Rolex is one of the world’s leading purveyors of luxury watches, so it’s only natural to assume that they command a higher price than most brands. While this is true to an extent, the cost of a Rolex is more complicated than that, with the brand’s catalog offering a broad selection of prices that range from a couple thousand to tens of thousands of dollars. The secondary market provides an even more incredible range of prices with the famed Paul Newman Daytona selling for well over $17 million and other entry-level watches available for just $2k, just to give you a brief example. Let’s discuss further which factors determine the cost of a Rolex watch.
The Retail Market
Rolex produces almost every component of their timepieces in-house, including most recently their movements, of which they previously outsourced the Daytona movement. From forging gold and steel in their own foundries to employing a team of expert gemologists to hand set every diamond and gem, the materials and processes used during production are of the highest quality. This factor alone commands a higher price than other watch companies that outsource similar components.
Rolex also offers a wide range of models with various metal finishes and functions that can significantly affect the overall price of the watch. For example, a stainless steel Oyster Perpetual dress watch with a time-only dial is much less expensive to produce when compared to the complex Sky-Dweller in all gold. Depending on your budget, there is a Rolex watch at retail to suit your wrist.
Entry-Level Options (stainless steel):
Oyster Perpetual ref. 114300 – $5,700
Air-King ref. 116900 – $6,200
Milgauss ref. 116400GV – $8,200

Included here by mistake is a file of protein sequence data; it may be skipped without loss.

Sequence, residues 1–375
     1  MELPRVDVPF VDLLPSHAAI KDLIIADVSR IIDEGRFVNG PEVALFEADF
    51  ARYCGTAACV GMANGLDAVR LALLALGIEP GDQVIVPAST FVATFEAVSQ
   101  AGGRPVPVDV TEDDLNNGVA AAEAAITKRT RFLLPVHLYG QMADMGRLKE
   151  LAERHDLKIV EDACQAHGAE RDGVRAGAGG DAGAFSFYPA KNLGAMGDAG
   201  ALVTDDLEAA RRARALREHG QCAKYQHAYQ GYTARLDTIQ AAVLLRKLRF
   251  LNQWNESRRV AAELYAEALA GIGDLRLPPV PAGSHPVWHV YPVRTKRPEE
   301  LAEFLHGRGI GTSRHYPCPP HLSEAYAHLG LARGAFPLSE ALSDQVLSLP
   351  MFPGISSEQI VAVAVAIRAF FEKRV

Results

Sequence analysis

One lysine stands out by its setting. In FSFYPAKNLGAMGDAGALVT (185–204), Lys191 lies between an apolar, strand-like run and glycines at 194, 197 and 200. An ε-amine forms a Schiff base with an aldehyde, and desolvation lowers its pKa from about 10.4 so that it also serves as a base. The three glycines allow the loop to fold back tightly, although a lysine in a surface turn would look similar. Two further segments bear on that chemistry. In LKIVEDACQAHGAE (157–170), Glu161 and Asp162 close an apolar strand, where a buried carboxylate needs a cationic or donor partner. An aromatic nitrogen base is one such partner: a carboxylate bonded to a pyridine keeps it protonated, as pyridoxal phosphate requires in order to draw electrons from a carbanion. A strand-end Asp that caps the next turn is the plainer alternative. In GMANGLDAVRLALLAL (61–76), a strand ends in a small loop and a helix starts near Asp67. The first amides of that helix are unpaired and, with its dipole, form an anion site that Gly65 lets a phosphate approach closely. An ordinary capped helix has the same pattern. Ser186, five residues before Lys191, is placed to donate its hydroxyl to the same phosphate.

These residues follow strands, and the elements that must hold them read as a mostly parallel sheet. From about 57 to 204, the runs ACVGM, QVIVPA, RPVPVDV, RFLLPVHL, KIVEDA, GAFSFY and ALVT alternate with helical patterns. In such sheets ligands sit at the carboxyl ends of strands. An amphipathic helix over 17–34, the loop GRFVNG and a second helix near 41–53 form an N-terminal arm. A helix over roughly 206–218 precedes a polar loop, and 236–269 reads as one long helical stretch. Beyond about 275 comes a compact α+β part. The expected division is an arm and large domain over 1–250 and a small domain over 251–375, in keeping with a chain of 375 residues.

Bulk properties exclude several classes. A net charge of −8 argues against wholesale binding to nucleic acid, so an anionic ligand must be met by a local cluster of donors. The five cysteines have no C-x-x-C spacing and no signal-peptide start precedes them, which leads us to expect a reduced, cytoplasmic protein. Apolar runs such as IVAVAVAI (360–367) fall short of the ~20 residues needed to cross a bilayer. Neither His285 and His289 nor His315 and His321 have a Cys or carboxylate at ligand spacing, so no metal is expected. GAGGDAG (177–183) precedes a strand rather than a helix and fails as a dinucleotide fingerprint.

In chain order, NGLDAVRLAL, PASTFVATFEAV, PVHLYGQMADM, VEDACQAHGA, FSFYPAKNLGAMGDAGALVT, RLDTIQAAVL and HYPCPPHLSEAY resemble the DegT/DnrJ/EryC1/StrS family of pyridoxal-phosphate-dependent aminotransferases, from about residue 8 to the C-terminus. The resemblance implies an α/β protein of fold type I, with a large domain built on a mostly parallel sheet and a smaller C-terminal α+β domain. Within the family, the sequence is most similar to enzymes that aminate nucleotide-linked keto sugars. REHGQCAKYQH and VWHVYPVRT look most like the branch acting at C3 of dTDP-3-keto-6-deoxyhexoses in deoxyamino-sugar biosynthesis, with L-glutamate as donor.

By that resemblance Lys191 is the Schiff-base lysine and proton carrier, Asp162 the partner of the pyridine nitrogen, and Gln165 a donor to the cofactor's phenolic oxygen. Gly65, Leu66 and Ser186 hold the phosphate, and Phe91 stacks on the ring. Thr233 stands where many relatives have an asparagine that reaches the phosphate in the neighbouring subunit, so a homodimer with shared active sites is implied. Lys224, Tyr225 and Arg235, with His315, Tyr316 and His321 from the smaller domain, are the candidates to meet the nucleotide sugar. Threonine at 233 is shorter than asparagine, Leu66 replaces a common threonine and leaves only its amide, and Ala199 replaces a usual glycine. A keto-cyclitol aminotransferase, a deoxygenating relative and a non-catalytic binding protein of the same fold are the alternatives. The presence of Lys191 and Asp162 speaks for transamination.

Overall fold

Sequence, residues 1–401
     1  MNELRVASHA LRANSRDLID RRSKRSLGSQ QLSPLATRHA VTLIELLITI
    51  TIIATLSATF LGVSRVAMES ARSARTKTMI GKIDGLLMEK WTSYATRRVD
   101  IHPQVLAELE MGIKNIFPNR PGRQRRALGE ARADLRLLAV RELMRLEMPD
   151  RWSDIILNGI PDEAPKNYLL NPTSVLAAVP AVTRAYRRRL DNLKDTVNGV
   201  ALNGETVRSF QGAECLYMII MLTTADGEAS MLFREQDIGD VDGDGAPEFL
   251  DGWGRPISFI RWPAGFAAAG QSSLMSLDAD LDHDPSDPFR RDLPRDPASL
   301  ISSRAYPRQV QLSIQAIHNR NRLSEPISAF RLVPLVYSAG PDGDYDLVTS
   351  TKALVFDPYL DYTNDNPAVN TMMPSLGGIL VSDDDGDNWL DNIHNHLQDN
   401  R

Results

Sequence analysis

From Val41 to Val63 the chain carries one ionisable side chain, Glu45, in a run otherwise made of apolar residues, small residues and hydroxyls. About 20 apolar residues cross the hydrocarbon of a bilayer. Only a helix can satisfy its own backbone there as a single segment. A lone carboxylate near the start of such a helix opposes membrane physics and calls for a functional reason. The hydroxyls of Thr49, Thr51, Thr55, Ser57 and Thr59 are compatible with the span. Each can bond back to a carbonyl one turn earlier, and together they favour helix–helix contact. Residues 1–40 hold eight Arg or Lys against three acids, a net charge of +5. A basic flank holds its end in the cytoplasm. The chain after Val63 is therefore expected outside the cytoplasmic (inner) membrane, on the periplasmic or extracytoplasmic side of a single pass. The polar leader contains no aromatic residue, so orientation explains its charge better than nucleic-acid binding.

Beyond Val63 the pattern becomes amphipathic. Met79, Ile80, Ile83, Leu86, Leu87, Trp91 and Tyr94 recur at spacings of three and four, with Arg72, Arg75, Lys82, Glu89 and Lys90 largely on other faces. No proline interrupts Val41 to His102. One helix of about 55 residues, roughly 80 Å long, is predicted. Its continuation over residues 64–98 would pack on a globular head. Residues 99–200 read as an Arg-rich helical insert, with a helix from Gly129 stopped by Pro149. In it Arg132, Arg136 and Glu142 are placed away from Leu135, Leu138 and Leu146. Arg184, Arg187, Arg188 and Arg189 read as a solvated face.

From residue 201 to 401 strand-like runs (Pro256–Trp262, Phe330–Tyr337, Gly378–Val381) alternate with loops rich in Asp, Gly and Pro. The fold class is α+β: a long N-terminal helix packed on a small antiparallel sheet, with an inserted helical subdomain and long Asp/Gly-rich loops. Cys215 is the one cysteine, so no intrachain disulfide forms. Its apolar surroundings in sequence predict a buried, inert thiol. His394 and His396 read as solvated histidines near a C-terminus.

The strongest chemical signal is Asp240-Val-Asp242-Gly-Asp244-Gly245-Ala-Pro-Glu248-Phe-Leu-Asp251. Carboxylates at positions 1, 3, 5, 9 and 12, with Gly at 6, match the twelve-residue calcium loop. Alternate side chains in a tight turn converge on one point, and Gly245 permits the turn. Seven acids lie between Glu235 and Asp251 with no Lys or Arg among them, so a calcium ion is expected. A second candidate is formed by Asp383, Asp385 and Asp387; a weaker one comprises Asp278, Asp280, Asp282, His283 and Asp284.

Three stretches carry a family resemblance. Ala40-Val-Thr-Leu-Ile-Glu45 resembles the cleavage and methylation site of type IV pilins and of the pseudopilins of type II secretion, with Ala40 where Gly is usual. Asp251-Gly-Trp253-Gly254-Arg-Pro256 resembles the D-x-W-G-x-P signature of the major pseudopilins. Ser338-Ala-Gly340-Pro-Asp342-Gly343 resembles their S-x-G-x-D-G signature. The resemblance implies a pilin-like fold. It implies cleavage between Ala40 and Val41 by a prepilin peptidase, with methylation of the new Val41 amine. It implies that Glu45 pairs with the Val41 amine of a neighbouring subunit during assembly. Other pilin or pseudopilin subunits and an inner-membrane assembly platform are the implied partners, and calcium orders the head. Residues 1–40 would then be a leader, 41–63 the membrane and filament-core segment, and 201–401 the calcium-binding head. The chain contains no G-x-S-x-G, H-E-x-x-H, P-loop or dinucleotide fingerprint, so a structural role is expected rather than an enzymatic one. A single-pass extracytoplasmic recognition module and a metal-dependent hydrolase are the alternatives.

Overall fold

Two-Tone Datejust ref. 126333 – $12,700
Stainless Steel and Ceramic Submariner ref. 116610 – $8,550
Platinum President Day-Date ref. 118206 – $57,600
White Gold and Platinum Yacht-Master II ref. 116689 $48,150.
The possibilities on the secondary market are seemingly endless with prices ranging from a couple thousand dollars to well over $1 million. Many factors determine a used Rolex price, such as the condition of the individual watch, year released, the presence of original parts in a vintage watch, materials used, and rarity. Watches that are closely associated with celebrities or other well-known collectors, such as Paul Newman and Daytona watches that resemble the model that he wore, command a higher price on the pre-owned market. Timepieces with an interesting backstory can fetch a pretty hefty sum as well. For example, the bezel-less Submariner comes from a relatively humble background but recently sold for over $1 million at auction due to its unique feature set.
Another factor that can affect the Rolex price on the secondary market is availability. The stainless steel and ceramic Rolex Daytona 116500 is currently one of the hottest watches in the Rolex catalog. Authorized dealers can’t keep enough in stock to meet the incredible demand, resulting in wait lists that are years long. As they trickle into the secondary market, the used Daytona 116500 references tend to command a price well that is well over retail.
As mentioned above, there are quite a few factors to take into consideration before choosing a pre-owned Rolex, but if you purchase through a reputable source with plenty of knowledge on their inventory, such as BobsWatches.com, you can rest assured that you’re making a smart investment. Below are some widely sought-after options to consider, broken down by approximate secondhand prices.
Entry Level Options
Two-Tone Datejust ref. 16233 $4,500
Stainless Steel Air-King ref. 5500 $3,500
Rose Gold Cellini Danos ref. 4233 $4,800
Stainless Steel and Platinum Yacht-Master ref. 116622 $9,500
Top Level Options
Gold President Day-Date ref. 118238 $16,500
Stainless Steel and Ceramic Bezel Cosmograph Daytona ref. 116500 $21,500